How to Identify and Treat Brown Spider Bites

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How to Identify and Treat Brown Spider Bites
How to Identify and Treat Brown Spider Bites
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In Brazil, most spiders you find are harmless, but the brown spider is an exception. This nocturnal species lives in seclusion and likes to hide in dark places where it won't be easily disturbed, such as under porches, in closets or in piles of wood. It is important to identify a brown spider and its venomous bite, which can cause more severe symptoms than other species. The person can even die from the bite of a brown spider. Deaths from brown spider bites are more common among children than among adults.

Steps

Part 1 of 2: Identifying a brown spider bite

Identify and Treat Recluse (Fiddleback) Spider Bites Step 1

Step 1. If possible, find the spider that bit you

Try to trap it to find out if it's a brown spider. You can also try to remember what she looks like. The brown spider is all that color, with its legs attached to the upper part of the body.

  • This species is known as the "violin spider" in Portugal because of the unique violin-shaped spot on the back of the cephalothorax. The abdomen has no stains.
  • The brown spider has three pairs of eyes along the patch instead of two rows of four eyes like many other species.
Identify and Treat Recluse (Fiddleback) Spider Bites Step 2

Step 2. Recognize the symptoms of a brown spider bite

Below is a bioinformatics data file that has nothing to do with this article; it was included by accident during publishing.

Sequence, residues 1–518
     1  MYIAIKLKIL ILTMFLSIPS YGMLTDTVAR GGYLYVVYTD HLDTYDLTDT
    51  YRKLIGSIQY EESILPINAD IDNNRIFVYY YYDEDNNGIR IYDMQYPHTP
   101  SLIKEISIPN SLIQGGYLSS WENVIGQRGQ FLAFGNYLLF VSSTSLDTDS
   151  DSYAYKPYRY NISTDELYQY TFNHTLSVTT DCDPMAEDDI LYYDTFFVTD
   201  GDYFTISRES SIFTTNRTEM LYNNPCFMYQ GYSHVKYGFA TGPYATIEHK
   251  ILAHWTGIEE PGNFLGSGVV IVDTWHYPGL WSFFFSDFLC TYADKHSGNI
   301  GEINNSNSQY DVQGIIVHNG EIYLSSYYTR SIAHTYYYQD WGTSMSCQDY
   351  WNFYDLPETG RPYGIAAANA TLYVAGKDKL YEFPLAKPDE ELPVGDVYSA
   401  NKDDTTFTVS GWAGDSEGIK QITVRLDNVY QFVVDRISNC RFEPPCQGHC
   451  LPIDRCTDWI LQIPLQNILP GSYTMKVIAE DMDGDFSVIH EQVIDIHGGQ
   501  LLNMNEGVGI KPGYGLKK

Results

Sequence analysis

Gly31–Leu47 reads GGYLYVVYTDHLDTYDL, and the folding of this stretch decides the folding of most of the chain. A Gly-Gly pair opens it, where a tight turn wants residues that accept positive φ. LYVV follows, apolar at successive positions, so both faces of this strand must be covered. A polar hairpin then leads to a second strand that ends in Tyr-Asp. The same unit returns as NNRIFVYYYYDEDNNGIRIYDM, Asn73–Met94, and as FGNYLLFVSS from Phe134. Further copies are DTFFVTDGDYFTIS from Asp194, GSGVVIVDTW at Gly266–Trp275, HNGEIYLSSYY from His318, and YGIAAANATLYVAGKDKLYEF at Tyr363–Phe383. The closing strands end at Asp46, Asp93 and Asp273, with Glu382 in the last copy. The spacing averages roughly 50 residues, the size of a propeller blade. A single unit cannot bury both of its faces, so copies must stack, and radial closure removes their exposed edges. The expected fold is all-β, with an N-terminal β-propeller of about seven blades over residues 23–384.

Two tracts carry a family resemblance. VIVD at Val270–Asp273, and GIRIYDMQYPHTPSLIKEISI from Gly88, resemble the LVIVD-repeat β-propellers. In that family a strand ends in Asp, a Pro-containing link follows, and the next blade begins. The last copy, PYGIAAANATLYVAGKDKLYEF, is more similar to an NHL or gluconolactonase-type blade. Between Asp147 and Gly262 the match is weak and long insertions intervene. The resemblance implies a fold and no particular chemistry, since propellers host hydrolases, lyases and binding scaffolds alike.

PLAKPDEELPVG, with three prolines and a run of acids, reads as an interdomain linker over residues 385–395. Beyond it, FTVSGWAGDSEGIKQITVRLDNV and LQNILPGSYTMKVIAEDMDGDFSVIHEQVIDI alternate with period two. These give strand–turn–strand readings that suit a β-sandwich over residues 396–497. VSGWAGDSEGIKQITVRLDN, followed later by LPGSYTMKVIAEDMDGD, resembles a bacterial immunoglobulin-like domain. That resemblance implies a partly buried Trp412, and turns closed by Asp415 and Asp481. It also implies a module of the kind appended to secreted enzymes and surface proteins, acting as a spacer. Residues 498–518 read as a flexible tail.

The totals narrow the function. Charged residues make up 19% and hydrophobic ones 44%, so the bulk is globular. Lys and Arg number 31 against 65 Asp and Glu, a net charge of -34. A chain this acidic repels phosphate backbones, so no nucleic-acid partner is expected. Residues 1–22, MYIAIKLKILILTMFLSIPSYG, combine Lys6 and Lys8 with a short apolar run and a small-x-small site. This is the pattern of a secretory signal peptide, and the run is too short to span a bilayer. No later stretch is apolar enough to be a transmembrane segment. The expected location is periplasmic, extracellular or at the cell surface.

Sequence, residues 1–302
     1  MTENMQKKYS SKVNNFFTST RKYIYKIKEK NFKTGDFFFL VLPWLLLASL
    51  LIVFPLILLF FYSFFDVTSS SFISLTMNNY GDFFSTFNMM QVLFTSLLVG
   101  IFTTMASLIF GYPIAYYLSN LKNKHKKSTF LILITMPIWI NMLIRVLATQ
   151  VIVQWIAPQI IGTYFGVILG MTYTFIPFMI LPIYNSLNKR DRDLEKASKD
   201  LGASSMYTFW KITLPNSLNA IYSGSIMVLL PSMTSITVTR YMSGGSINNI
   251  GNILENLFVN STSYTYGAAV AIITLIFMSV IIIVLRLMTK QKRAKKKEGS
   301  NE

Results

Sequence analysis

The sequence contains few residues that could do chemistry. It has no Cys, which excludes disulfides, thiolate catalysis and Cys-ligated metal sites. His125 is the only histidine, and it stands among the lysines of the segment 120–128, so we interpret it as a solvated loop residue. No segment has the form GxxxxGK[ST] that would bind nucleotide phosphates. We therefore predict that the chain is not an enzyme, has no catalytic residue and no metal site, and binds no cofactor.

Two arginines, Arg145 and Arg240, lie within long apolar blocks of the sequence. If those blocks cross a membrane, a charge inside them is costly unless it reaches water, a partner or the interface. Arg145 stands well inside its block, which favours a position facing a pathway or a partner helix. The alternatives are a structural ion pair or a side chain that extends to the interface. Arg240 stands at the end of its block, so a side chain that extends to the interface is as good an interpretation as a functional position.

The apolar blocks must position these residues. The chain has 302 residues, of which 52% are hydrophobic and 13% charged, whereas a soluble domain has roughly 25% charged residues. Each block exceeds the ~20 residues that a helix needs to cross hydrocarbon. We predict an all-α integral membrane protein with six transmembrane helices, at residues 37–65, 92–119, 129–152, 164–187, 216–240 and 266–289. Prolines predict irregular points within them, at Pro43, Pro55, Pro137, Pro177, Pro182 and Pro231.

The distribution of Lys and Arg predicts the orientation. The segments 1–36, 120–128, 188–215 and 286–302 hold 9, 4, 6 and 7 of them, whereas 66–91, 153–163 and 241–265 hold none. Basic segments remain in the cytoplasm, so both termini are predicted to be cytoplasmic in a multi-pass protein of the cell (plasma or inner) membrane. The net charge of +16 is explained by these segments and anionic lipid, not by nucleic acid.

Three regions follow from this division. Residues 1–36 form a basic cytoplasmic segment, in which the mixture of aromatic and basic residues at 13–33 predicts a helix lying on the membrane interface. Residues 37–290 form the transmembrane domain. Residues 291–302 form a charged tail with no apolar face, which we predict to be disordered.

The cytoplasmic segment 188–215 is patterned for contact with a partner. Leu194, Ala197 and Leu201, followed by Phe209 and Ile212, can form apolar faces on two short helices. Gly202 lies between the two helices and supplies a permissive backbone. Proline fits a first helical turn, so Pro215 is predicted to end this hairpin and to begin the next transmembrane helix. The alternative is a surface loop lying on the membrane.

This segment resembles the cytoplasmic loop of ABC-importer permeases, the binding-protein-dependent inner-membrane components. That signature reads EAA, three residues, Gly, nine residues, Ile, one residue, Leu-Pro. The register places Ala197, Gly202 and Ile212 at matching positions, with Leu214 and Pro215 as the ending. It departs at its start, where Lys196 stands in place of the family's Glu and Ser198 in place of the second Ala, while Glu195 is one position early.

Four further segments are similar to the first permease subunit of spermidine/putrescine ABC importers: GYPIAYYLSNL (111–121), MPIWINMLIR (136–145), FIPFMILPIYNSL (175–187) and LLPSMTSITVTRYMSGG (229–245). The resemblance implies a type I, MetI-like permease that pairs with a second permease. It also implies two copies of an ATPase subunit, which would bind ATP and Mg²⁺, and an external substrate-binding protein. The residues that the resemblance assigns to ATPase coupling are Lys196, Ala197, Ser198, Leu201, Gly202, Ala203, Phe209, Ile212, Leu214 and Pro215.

When you get stung for the first time, you may not feel anything. Hours later, you may experience a slight burning or irritation in or around the wound, in addition to the following symptoms:

  • Lots of swelling and pain at the bite site;
  • A blue bubble in the center and surrounded by redness, like a target, can form. The blister can then burst, and the site will grow into an ulcer that will extend into deeper parts of the tissue;
  • A pimple-like lesion with yellow or green pus;
  • An urticaria around the sting site, with itching;
  • Your urine may turn dark;
  • You may also experience fever, chills, nausea, vomiting, epileptic fits, or joint pain.
  • Like other spider bites, the brown spider will leave a small red mark. Unlike other stings, a small white blister will appear soon after, and the tissue around the wound will become stiff. The sting will then transform into a blue-gray or whitish-blue lesion, with jagged edges and surrounded by redness. If left untreated, the skin around the lesion can become gangrenous and become a large open wound.
Identify and Treat Recluse (Fiddleback) Spider Bites Step 3

Step 3. Understand where these spiders are often found

This species likes dark, covered places, such as under porches, in wood piles, basements, cupboards, and under sinks. Think about whether you were in any of these places when you were bitten.

Although the brown spider can be found throughout Brazil, it is common in the southern region, mainly in ParanĂ¡. In the United States, it can also be found across the country, but it is more common in the Midwest and South

Part 2 of 2: Treating a Brown Spider Bite